Los Angeles Times reported earlier this month, "L.A. Unified board picks Richard Vladovic as new president. By replacing Monica Garcia with Vladovic, the LAUSD board signals the waning influence of former Mayor Antonio Villaraigosa. This begs the question: Are days numbered for embattled Superintendent John Deasy?

Saturday, August 20, 2011

Harry Gets a Job Offer But 3 Weeks Later it's Yanked Away--Wasting Precious Time to Find a New School

The following is Part 4 of a series of stories recounting the saga of 9-year veteran public school teacher Harry Mills after he was kicked out--along with colleagues, administrators and support staff--from an urban school serving a poor, crime-infested neighborhood. Everyone was thrown out on their asses after the Big City School District board of education last March declared the place hopelessly mired in low scores on state tests, then gave it to a private charter operator which could run the place without accountability to the public for how they spend tax money, nor restrictions mandated by laws protecting civil rights of students and parents.
It's written as fiction so the author is reasonably protected from retaliation by people with such a bad self-image that they see themselves in these characters. The story is written more to amuse the reader than to inform. If you want non-fiction about the current self-destruction of the Los Angeles Unified School District, click "Fremont Watch," in the box on the right featuring our friendly sponsors. Enjoy!

By Mark J. Blocker

Harry Mills spent the past 9 years teaching at a public middle school where he was slugged, shoved, spit upon, cursed at, had his car keyed, and gravely insulted too many times to count. But the number of students with whom he enjoyed a mutually respectful and sometimes adoring relationship outnumbered these petty indignities, so year after year he kept returning to work at Missouri Compromise Middle School. It was now June turning into July, and he would have been preparing for his September return had not the Big City School District closed the school before immediately re-opening and handing it off to a charter school company so it could skirt around the State law that requires a school district to collect a predetermined amount of signatures from parents and staff before condemning a school and offering it up to bids from outside operators.
The move was illegal as a riot, but since the local media had been whipping the public into a lather about "expensive, poorly performing" schools in the Big City School District, the switch was executed before an opposition could be organized. The impotent teachers' union had long ago bumbled its way to the sidelines, and the community's elderly congresswoman shuffled into the issue too late. It was now a fait accompli.
It's not like Harry was out on the street shoving a shopping cart, though. He was still employed by the Big City School District, he just had to find another BCSD school in which to teach. If he couldn't secure a position on his own, the BCSD would send him where there was an opening for an English teacher with his credential. If he wasn't proactive, this fall Harry could be inching along a two-hour commute.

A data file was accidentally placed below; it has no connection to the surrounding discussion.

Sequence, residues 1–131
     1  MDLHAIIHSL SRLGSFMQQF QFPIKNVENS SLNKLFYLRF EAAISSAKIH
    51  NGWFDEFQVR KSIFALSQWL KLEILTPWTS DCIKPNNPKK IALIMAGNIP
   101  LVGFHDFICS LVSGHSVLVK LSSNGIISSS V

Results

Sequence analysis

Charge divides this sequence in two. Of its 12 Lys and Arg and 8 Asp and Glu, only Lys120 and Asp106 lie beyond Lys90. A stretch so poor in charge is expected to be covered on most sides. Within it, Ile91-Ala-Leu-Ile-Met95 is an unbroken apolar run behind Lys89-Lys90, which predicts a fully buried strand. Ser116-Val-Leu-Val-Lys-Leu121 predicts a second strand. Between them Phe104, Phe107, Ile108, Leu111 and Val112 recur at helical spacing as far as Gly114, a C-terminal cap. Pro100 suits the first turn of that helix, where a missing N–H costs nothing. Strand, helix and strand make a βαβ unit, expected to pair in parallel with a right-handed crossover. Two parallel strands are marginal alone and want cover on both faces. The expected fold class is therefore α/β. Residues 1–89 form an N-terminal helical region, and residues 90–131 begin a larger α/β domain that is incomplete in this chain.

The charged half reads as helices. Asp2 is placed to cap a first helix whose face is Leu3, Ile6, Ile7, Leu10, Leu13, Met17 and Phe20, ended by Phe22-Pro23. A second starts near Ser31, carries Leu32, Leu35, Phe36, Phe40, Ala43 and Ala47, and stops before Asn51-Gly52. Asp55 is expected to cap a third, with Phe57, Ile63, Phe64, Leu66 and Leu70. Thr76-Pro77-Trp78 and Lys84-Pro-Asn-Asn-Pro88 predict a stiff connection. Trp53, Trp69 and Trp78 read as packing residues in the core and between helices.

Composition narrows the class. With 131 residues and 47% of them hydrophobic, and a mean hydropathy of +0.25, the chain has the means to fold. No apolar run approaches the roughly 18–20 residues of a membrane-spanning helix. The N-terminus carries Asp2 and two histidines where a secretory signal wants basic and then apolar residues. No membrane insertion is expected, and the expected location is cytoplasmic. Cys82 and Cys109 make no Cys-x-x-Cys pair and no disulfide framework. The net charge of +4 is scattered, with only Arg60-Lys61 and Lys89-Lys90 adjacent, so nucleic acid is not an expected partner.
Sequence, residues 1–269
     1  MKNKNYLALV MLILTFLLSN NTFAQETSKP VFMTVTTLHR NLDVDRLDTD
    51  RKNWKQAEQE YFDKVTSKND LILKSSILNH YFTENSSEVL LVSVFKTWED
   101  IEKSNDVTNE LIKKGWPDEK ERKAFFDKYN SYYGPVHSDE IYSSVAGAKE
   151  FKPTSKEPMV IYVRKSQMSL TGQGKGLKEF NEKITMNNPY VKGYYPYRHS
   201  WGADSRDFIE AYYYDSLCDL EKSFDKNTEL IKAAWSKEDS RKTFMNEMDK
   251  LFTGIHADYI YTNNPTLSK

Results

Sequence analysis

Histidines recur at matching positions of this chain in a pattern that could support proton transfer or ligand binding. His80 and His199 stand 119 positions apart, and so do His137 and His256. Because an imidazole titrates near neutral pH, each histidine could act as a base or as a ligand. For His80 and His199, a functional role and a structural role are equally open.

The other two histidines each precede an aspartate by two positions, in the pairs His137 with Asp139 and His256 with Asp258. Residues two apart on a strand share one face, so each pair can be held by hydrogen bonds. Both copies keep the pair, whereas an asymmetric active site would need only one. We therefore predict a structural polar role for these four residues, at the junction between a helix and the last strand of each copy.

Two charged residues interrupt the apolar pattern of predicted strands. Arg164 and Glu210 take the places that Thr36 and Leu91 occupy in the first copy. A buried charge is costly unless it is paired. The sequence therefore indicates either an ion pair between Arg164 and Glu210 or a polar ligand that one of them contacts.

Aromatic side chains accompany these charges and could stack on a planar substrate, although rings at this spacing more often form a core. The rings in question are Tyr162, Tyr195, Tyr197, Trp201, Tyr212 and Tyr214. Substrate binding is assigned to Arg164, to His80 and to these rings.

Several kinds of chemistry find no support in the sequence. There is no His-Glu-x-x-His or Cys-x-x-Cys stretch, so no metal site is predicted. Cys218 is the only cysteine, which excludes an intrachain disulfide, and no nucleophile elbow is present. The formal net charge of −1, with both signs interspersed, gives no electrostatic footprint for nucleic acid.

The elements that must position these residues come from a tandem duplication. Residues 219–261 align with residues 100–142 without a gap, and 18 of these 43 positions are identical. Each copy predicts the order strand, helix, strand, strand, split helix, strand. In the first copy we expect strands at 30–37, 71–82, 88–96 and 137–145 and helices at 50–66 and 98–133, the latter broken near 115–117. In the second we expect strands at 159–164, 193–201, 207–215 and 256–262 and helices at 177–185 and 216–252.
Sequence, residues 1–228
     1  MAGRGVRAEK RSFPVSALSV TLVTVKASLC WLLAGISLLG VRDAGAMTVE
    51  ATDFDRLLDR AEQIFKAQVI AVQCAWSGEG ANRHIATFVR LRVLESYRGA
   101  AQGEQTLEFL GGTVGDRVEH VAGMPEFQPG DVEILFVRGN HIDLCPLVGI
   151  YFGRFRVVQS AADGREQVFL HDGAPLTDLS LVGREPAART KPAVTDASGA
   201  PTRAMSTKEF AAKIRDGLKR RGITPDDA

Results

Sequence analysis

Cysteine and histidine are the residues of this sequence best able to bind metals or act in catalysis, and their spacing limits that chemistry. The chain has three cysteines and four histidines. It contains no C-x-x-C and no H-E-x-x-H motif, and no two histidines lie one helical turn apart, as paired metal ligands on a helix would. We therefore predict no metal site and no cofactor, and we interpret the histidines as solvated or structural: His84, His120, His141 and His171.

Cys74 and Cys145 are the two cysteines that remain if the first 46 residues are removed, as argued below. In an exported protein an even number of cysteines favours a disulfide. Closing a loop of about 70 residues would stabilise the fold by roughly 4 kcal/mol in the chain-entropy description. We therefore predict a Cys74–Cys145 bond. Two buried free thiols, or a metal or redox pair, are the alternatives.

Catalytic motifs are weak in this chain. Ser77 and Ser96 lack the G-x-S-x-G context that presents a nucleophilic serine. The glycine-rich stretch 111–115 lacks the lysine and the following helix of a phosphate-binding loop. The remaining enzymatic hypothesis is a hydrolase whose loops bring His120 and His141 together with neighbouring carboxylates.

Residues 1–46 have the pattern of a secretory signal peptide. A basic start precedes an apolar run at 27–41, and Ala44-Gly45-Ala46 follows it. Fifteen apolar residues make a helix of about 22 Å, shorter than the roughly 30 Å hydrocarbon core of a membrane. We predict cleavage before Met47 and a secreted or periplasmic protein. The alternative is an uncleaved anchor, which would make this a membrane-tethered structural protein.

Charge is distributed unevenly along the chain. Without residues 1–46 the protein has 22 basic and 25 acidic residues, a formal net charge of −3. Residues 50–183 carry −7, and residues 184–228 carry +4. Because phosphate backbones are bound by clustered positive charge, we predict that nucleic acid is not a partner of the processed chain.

So far, the search wasn't going too well. He first interview was for Nickerson Gardens High School in Volts--an area even worse than that served by his former school. Nickerson High is a charter, but it's run by the mayor's Premiere Schools for Tomorrow which allows teachers to keep their BCSD seniority, pay and benefits. The same could not be said for the charter operator Bright Spot which grabbed the keys to Missouri Compromise MS. A month had passed since that first job interview, so Harry figured Nickerson HS had passed on him. He wondered whether it was because of all the disparaging posts he wrote about the mayor on the Big City Times newspaper web site after it reported that his campaign was financed by billionaires eager to turn local public schools into cash cows for themselves and cronies. The Times articles didn't describe the situation so succinctly, however.
Now was the last week of June, and school was over. But this was no time for reflection about professional lessons learned during the past academic year. Harry was having a bad time hustling a new gig, suffering through a pair of hostile interviews that left him feeling like an incompetent moron. Mills was starting to worry that this job search was going to become a degrading snipe hunt. (See Part 3)

Ring! Ring! Harry gets a bite in the same dirty lake
The phone rang again. It was a Mr. Humberto "Bert"  Suarez, principal at Blockburn Middle School in Volts. Volts again. Well, Harry didn't get into this business to teach in Sugarland, so he gladly accepted the invitation and looked forward to the interview. Like Nickerson HS, Blockburn MS was also operating under the mayor's Premiere Schools for Tomorrow. Harry shrugged, nobody reads the Times or its web site anymore. Good.
On the Friday before 4th of July weekend, Harry left his suit inside the closet and put on one of his loud Hawaiian shirts, a pair of black jeans, and drove once again deep into LA's festering pustule of Volts. It wasn't like the suit did him any good. Besides, it was summer, and it was hot. Only a moron wears a wool suit this time of year.